Myco Insulation Brewery Beers
The Myco Insulation Brewery team has been working on developing SMASH (Single Malt and Single Hop) beer recipes that reflect the flavours and aromas of their simple but characteristic beer process. So far there have been 6 brews (one every week), with changes made to both yeast and fermentation temperatures. Approximately 50 litres is brewed each time.
The team are using a modified brewing process for the beer as they are boiling the grains in a method of pasteurisation rather than removing them after the mashing process (as is normal practice). The reason for boiling the grains is so that there are less bacteria / micro organisms when they are inoculated with mycelium spawn (the second part of the Myco Insulation Beer Brewing process).
The Test Batch beers are now available to try at Mediamatic ETEN. Because the brew batches are quite small, there are only between 24-30 bottles of each available, so you will have to be quick!
Test Batch Taste Notes (Provided by Isa Miralles)
no. 29 SMASH SAISON (6.8%) A refreshing, medium fruity ale with a distinctive cloudy appearance, citrusy aromas, and a dry finish with a quenching sourness. A great beer for any kind of weather!
no. 30 SMASH SAISON (7%) A refreshing beer with medium bitterness and a dry finish. Medium to high alcohol content with a spicy character from the hops. This yeast strain showcases banana and clove-like ester and phenol flavours.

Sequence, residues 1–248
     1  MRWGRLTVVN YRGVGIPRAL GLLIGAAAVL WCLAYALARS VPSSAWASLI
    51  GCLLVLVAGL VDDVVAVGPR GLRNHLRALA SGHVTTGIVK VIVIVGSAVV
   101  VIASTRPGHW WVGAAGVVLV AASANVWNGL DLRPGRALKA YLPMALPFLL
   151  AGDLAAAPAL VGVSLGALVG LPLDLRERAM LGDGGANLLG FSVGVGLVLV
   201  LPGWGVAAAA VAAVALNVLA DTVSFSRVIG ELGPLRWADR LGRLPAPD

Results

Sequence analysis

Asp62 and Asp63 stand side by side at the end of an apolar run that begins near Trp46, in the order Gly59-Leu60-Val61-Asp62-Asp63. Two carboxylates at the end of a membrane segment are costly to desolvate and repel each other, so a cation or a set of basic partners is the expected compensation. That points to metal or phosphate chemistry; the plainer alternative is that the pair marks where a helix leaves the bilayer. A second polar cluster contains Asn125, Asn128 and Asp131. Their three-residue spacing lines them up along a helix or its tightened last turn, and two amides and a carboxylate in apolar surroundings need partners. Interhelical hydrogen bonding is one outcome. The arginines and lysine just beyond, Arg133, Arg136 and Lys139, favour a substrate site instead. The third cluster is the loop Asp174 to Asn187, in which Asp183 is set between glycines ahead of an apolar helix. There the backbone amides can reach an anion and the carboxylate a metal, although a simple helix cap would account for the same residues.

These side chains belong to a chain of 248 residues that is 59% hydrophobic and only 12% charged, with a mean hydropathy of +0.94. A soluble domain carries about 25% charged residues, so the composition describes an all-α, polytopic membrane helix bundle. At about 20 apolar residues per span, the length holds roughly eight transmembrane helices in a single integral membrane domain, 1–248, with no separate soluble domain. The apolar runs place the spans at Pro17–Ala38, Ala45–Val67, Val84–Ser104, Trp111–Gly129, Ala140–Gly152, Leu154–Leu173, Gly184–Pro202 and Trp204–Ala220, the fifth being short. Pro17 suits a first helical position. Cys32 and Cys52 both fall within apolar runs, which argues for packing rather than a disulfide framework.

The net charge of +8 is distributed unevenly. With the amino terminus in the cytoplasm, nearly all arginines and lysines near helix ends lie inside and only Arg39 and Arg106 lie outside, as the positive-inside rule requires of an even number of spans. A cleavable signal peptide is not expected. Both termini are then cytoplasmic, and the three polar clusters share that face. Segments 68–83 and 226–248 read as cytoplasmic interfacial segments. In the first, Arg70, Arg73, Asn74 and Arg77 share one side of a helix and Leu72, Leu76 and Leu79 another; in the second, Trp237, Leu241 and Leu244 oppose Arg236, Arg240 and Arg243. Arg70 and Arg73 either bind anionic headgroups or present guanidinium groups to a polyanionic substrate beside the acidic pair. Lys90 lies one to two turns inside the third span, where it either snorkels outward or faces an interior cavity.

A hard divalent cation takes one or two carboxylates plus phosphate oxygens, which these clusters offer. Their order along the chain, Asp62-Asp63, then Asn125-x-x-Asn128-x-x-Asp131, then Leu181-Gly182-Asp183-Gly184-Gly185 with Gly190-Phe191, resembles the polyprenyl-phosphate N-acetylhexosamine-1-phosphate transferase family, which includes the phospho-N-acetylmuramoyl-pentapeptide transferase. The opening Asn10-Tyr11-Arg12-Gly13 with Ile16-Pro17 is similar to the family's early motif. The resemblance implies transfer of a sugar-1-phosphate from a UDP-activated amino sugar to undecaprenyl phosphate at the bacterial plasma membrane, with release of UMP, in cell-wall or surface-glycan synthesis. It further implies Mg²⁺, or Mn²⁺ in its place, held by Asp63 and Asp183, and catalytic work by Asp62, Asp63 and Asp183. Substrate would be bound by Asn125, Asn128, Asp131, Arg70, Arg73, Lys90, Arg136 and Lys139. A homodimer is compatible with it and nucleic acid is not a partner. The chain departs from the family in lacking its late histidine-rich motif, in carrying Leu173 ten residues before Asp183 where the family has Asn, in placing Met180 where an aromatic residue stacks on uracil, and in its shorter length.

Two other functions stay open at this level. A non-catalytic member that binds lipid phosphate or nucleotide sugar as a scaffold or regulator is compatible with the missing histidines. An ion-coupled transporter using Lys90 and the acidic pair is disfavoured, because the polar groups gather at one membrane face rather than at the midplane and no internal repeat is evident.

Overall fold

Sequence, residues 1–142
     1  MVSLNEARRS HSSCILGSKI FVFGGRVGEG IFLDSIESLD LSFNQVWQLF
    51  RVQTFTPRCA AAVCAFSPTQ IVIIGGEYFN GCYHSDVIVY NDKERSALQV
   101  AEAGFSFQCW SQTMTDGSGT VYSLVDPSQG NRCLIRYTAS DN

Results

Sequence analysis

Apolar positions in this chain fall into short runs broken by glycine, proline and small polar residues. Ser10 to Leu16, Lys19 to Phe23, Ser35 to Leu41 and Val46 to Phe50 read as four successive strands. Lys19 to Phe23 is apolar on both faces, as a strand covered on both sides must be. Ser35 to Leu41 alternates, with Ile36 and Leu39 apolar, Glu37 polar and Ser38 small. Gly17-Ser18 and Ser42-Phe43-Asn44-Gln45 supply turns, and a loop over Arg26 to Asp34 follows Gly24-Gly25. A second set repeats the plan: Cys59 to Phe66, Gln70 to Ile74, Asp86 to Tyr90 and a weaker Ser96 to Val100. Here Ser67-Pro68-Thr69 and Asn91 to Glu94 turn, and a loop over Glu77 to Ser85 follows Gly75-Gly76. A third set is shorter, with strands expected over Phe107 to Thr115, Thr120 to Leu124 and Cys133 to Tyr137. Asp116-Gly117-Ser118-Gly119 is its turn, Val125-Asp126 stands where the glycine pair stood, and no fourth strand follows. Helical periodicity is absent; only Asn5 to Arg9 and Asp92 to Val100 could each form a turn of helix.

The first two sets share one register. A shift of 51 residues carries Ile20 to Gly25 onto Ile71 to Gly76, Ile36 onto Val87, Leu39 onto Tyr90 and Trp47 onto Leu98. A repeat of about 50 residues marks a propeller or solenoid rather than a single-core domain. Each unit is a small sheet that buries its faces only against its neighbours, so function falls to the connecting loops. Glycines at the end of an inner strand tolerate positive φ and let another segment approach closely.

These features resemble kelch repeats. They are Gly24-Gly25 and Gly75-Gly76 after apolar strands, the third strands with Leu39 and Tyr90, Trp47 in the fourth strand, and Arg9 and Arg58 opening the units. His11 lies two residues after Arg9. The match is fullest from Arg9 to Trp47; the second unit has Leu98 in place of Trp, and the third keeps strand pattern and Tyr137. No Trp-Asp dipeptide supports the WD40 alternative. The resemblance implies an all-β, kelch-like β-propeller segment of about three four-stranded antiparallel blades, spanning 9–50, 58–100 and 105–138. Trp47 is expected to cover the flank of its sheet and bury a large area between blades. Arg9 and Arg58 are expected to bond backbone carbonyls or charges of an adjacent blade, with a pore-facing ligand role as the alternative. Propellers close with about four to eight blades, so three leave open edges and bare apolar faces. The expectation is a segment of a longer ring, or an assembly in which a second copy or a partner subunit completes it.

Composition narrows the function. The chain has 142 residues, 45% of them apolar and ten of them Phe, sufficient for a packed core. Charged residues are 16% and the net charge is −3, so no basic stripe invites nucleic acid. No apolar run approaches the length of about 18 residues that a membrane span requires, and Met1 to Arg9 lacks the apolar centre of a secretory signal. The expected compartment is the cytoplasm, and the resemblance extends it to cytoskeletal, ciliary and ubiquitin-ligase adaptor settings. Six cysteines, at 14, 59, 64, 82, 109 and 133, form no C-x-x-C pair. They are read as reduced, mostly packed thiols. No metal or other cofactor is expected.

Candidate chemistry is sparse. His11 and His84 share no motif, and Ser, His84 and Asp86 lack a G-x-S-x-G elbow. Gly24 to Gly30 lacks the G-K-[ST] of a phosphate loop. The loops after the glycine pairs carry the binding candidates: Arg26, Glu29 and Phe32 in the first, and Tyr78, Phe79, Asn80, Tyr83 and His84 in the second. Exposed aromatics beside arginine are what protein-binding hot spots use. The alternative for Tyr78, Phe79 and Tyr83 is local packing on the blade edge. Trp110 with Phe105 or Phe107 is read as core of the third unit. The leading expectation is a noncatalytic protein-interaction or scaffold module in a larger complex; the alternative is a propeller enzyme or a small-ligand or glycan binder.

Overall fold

no. 31 SMASH APA (5.1%) A mild, fruity, easy-drinking, light golden-colour ale with a moderate bitterness. Pares well with a fish dish!
no. 32 SMASH APA (5.4%) A mild fruity, easy-drinking, golden-colour ale with a moderate bitterness. Medium maltiness with a slight sour finish.
*SAISON is a seasonal summer style originally produced by farm owners in Wallonia, the French-speaking part of Belgium. It had to be sturdy enough to last for months but not too strong to be quenching and refreshing in the summer. It is a characteristic unfiltered house-farm beer.
*AMERICAN PALE ALE is an American adaptation of the English Pale Ale, reflecting indigenous ingredients (hops, malt yeast and water). The APA is often lighter in colour, cleaner in fermentation by-products, and less caramel-flavoured than its English counterpart.
See you at the bar!